Book Review - Science and Original Sin
Evolution and the Fall,
ed. William T. Cavanaugh and James K. A. Smith, Eerdmans, xxix + 231pp, £21.99.
reviewed by Stephen Dingley
Evolution and the Fall is a collection of essays from a multi-disciplinary and ecumenical group of authors, which sets out to address “a set of problems that arise from the encounter of traditional biblical views of human origins with contemporary scientific theories” (p. xv) —not, one might add, in general, to answer them. Only two of the contributors attempt synthetic solutions to the problems. That said, I found all the chapters worthwhile and stimulating —even when I disagreed with them.
Three of the chapters provide the data. Falk gives an admirably clear review of the current scientific consensus. Examining the fossil record, he outlines human ancestry and its dating. Genetic evidence offers impressive support for human evolution and also strongly suggests that our ancestral population has never been smaller than about 10,000, ‘Mitochondrial Eve’ and ‘Y-chromosome Adam’ notwithstanding. In fact, each human gene can be traced back to a single ancestor at some point over the last few million years, but different individuals at different times, and this is entirely to be expected statistically.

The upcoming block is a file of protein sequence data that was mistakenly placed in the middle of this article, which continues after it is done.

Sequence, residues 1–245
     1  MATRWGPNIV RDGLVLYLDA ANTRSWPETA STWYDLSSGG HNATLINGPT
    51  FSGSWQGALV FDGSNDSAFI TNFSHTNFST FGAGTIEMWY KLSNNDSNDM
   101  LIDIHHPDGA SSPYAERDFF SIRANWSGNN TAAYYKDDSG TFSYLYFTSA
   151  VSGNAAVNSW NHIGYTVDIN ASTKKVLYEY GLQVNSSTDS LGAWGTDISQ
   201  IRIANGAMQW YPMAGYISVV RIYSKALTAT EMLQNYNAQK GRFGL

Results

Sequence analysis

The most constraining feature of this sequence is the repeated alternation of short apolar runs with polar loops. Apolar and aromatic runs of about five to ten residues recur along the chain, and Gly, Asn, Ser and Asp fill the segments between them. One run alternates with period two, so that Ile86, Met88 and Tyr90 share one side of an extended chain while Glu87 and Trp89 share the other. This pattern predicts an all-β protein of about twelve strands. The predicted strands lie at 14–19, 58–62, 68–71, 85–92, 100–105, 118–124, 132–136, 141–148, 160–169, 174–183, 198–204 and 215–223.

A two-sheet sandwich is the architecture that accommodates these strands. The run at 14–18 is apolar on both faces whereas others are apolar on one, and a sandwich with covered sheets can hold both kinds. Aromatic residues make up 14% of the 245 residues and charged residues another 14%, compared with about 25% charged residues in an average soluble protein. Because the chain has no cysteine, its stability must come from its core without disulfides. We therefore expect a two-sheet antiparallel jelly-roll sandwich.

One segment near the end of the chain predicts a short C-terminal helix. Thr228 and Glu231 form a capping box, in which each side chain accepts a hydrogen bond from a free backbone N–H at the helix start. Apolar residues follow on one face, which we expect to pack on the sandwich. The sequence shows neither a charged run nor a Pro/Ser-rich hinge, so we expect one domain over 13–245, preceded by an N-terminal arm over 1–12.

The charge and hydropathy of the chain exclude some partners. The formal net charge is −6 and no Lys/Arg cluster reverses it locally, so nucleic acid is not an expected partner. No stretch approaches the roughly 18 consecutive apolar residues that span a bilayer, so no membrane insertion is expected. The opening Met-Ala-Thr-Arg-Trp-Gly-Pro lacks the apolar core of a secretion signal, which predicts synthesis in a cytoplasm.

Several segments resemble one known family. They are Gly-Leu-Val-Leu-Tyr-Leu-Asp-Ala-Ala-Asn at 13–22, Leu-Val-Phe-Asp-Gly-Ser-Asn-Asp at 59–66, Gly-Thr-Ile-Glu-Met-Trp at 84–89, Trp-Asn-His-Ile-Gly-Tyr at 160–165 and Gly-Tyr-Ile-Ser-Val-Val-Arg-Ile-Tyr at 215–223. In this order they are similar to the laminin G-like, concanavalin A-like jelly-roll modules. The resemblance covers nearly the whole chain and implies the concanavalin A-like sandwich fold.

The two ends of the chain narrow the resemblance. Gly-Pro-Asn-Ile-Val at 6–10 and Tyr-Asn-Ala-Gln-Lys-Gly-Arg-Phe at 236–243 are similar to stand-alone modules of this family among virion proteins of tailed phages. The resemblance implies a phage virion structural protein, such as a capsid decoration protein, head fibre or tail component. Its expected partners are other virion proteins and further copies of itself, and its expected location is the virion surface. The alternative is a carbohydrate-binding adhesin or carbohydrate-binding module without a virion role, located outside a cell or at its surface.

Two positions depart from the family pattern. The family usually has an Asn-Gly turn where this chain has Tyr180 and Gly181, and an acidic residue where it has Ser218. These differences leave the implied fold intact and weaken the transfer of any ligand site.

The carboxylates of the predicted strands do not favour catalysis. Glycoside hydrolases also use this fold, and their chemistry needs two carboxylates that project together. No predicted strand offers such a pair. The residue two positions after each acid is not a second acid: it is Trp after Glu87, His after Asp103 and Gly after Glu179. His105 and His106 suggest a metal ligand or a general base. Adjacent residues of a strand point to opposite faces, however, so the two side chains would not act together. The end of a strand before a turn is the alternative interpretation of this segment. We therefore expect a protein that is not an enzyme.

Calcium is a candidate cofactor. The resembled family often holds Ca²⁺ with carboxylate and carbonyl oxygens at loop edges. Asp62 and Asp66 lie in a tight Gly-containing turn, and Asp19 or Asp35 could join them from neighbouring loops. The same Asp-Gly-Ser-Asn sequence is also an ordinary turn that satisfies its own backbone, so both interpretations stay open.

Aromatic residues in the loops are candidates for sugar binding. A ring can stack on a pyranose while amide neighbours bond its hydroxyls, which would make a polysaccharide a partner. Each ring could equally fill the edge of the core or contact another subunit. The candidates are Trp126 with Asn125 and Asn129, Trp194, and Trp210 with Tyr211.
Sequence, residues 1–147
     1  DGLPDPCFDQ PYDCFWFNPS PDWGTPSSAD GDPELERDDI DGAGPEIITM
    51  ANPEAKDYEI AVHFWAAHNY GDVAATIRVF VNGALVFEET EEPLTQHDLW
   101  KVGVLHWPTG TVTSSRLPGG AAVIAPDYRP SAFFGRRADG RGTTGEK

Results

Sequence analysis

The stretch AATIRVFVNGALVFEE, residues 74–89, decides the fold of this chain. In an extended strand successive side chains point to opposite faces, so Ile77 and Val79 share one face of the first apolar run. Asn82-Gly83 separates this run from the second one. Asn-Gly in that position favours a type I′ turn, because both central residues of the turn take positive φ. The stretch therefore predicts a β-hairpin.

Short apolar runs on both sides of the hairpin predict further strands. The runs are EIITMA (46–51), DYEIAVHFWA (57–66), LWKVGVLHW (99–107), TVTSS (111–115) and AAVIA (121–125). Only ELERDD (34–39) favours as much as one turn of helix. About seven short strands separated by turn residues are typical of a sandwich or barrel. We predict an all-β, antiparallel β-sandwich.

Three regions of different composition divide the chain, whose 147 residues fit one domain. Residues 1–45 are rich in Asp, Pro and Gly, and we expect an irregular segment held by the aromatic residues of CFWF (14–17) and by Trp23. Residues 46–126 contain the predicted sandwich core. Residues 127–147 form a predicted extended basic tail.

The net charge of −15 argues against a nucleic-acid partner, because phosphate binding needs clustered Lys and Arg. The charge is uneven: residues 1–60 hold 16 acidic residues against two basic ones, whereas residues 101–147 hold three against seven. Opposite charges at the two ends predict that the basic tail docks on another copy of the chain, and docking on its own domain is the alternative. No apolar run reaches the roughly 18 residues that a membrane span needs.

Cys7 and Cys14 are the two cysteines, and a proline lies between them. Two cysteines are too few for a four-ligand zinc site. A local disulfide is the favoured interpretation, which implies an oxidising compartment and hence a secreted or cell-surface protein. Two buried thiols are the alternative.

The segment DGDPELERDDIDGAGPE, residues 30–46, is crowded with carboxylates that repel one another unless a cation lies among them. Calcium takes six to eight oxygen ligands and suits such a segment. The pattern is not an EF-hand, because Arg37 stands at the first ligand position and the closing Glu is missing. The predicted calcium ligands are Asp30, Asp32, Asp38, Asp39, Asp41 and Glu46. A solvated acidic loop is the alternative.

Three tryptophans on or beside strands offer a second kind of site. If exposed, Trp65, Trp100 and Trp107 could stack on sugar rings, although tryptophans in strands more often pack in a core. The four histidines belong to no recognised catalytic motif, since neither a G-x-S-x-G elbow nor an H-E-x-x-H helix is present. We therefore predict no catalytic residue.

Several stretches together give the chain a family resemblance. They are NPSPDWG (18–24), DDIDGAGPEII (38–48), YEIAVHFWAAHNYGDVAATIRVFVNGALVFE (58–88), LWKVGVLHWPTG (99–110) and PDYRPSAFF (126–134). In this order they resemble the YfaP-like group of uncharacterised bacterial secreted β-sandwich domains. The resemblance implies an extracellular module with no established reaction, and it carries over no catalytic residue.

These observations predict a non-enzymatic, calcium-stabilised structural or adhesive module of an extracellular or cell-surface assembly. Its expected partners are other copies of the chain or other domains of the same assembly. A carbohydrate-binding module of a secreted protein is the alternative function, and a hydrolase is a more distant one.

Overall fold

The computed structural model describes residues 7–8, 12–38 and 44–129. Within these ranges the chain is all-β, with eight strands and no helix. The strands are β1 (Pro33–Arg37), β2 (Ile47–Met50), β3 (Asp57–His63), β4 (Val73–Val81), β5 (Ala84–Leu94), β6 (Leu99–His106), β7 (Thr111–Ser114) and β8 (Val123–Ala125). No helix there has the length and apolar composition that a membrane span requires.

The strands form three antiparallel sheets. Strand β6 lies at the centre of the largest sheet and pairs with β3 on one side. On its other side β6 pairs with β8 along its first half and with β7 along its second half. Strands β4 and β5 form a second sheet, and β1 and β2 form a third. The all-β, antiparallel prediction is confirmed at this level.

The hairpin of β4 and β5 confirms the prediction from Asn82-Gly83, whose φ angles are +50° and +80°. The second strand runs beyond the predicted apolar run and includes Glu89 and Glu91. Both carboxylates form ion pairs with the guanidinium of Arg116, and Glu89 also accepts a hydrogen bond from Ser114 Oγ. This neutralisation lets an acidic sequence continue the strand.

Middleton offers an exegesis of Genesis 1–3 and, by his own admission, not much more. His methodological remarks are sound and helpful: Genesis is an ancient and non-scientific narrative, so we should look for consonances (and perhaps collisions) with the scientific data rather than attempting any detailed concordism. He suggests that God breathing life into the man of dust (Gen 2:7) can be likened to the ‘vivification’ of a pagan cultic image, and has “nothing to do with infusing a Platonic soul” (p. 75) —a statement which seems too strong to me. Green examines some inter-testamental literature, as well as Paul and James from the New Testament. He concludes that both Paul and James “assume sin’s heritability — not in the sense of passing sin down through procreation, but in the sense of pattern and influence” (p. 115), but I found it hard not to think this was in fact Green’s assumption.